Three guardians for developmentally disabled Idaho residents have dropped their lawsuit against the state over Medicaid changes, reports AP reporter Rebecca Boone; click below for her full report. The attorney for the group said the shift to a single provider of residential habilitation services for such patients statewide will result in more work for law enforcement and emergency rooms.
Guardians of disabled men drop suit against Idaho
By REBECCA BOONE, Associated Press
BOISE, Idaho (AP) — Three guardians for developmentally disabled Idaho residents have dropped their lawsuit against the state over Medicaid changes.
Russell and Sandra Knapp and Jana Shultz last year sued Idaho Department of Health and Welfare Director Richard Armstrong and Medicaid Administrator Leslie Clement, saying the department's plan to consolidate some Medicaid-covered services would violate their wards' right to freely choose their own health care providers.
But the Knapps and Shultz decided to drop the lawsuit last week, because the consolidation was being implemented faster than the lawsuit could work its way through the court system.
"Ultimately, we got to the point where what we were talking about was bad policy — and the courts don't like to wade into policy issues," said their attorney, James Piotrowski.
Some adults with developmental disabilities — like the Knapp's ward, Jason Knapp, and Shultz' ward, Toby Shultz — live in certified family homes under a Medicaid program that aims to provide a family-style living environment for people who need assistance with daily activities.
Under the program, each certified family home must work with a residential habilitation agency, which provides them with training, oversight and quality assurance. Essentially, the residential habilitation agencies serve as experts in the state's policies and administrative issues, freeing up the certified family home providers to be experts in their own clients.
But last year, under pressure from lawmakers to cut its budget, the Idaho Department of Health and Welfare decided to have just one residential habilitation company oversee all the Medicaid-covered certified family homes in the state.
The switch, which took effect March 15 of this year, also cut the services available to the Medicaid clients. For instance, residents in certified family homes now will get face-to-face visits from residential habilitation employees only once yearly, as opposed to the quarterly or monthly visits they typically got under the old system.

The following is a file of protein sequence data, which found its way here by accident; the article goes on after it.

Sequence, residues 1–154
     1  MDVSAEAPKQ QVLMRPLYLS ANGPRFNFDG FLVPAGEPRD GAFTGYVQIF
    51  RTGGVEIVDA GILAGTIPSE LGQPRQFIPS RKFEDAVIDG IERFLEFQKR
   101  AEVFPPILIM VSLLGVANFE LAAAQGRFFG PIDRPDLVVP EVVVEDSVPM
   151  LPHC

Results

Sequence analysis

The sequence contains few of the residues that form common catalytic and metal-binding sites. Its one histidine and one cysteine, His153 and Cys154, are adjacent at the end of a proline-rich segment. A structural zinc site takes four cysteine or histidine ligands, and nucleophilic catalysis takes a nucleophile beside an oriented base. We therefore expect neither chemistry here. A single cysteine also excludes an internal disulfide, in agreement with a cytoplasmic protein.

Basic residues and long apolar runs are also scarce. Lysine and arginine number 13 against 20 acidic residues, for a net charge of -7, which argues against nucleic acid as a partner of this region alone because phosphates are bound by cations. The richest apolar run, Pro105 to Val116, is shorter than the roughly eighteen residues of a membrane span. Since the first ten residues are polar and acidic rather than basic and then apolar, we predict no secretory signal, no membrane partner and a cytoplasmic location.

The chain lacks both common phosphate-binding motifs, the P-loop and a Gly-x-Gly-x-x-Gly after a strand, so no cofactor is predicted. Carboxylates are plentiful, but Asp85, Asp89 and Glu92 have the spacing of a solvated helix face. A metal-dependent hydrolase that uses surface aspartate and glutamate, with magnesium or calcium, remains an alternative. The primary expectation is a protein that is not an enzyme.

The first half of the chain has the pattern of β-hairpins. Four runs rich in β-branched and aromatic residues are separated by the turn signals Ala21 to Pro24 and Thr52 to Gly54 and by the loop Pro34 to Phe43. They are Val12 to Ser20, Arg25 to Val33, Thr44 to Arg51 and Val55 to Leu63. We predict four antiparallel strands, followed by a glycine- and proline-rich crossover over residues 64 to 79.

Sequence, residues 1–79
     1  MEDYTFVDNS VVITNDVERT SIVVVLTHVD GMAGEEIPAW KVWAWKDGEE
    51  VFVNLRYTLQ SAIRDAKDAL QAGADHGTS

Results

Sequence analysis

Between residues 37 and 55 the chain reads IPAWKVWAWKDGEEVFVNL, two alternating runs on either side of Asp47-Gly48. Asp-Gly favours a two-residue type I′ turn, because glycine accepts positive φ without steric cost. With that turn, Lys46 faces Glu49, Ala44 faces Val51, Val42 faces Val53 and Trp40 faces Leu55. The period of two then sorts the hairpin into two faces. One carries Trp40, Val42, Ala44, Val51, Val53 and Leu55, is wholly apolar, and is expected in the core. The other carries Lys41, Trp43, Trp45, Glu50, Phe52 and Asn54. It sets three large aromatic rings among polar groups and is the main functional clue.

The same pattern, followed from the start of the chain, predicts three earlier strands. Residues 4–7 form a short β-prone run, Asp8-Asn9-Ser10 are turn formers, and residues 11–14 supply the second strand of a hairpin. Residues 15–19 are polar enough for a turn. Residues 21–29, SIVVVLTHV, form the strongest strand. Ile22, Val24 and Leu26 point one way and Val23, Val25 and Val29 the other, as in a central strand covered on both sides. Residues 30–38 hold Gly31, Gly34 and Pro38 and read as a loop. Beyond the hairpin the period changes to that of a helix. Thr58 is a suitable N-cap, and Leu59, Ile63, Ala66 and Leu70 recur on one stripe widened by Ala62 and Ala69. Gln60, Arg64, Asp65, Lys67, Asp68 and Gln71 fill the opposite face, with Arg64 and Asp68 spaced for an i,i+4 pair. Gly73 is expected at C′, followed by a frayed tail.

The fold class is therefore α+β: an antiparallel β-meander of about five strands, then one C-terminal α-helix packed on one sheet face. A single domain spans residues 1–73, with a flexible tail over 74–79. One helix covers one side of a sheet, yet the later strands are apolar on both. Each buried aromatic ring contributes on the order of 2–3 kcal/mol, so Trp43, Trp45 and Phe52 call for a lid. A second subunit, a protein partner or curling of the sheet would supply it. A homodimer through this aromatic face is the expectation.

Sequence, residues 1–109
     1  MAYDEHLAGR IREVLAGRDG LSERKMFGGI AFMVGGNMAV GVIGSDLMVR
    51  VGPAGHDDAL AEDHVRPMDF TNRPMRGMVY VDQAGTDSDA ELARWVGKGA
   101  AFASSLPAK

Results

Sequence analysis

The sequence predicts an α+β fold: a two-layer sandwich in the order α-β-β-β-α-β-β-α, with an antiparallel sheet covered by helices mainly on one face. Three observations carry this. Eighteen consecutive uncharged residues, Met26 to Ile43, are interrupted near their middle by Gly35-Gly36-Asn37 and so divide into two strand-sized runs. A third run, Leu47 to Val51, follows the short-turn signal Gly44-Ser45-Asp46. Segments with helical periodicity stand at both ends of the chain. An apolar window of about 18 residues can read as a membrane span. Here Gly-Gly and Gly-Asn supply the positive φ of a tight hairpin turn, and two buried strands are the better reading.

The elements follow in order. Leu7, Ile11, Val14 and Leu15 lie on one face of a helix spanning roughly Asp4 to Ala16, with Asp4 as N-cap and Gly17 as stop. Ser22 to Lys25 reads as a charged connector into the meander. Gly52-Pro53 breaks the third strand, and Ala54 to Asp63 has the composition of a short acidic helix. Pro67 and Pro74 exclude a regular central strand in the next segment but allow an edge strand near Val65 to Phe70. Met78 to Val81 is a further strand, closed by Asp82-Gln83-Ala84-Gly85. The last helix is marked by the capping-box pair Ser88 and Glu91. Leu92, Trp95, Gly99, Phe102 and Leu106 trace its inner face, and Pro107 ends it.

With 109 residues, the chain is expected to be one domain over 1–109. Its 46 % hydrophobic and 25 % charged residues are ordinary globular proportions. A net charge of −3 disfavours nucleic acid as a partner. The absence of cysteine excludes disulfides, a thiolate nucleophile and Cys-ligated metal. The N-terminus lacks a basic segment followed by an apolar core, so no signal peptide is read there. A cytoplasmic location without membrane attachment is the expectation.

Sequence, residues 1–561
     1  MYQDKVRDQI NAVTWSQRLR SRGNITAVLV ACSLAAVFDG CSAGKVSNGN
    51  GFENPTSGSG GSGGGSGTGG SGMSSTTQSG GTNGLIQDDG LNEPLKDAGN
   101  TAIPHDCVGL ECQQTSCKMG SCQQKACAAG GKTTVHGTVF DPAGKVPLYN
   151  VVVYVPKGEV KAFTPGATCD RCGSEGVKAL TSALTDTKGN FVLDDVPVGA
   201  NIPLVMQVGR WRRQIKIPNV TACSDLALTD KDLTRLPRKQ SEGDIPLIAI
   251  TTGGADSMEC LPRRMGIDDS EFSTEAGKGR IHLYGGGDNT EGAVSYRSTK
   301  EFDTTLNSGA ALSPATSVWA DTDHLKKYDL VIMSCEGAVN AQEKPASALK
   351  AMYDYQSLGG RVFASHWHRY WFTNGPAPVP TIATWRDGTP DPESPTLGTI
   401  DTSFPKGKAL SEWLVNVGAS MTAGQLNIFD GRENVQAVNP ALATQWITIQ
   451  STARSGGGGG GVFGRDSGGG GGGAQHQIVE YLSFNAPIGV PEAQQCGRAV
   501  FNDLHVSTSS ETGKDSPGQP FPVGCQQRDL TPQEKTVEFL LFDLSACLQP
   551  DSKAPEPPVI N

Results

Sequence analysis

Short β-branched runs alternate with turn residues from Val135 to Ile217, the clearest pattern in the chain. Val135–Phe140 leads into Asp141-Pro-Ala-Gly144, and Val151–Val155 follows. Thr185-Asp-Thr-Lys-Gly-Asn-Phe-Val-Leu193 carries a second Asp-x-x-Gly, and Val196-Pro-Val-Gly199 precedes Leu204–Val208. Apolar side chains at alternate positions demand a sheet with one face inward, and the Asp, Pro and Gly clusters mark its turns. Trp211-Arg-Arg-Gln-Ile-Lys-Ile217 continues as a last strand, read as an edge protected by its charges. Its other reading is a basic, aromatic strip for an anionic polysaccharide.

U.S. District Judge B. Lynn Winmill stopped the state from implementing the plan for a time, but declined to renew the injunction in February, allowing the state to move forward with the plan.
In making that decision, Winmill said the first injunction was appropriate because the state had failed to get approval from the federal Medicaid program before making the residential habilitation changes. Winmill said he wouldn't renew the injunction because Idaho officials had since corrected that error.
The consolidation plan threatened to put several small residential habilitation providers out of business, Piotrowski said when he filed the lawsuit last year. Many of those small businesses were available around the clock to help their clients, he said, though they weren't necessarily reimbursed for those services.
On Tuesday, he said the department is now telling certified family homes to call 911 if their client has a crisis during the hours that the statewide provider is closed.
"The department has implemented its selective contract already, and we know the result of that is going to be a shift of a lot of work to already overworked service providers," Piotrowski said. "It's also shifting the problems that used to be solved by residential habilitation agencies to law enforcement agencies and emergency rooms, and you're going to see an increase in ER admissions and law enforcement calls."
Copyright 2012 The Associated Press.